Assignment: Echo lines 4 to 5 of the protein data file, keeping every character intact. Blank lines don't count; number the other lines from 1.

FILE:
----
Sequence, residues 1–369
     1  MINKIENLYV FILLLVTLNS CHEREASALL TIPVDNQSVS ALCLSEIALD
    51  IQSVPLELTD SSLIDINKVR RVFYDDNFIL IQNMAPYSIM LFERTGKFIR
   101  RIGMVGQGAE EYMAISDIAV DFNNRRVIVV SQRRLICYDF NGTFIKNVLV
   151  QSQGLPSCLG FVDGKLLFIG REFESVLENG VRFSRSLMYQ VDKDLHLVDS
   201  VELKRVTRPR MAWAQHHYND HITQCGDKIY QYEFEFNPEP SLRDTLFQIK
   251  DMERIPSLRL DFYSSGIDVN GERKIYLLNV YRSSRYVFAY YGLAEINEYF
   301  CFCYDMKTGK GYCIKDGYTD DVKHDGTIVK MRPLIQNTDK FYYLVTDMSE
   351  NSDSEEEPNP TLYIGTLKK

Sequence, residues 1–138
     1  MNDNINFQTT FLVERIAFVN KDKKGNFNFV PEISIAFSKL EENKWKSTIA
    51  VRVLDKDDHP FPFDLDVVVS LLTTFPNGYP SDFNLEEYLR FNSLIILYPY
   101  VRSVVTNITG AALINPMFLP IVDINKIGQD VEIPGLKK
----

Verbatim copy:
   101  RIGMVGQGAE EYMAISDIAV DFNNRRVIVV SQRRLICYDF NGTFIKNVLV
   151  QSQGLPSCLG FVDGKLLFIG REFESVLENG VRFSRSLMYQ VDKDLHLVDS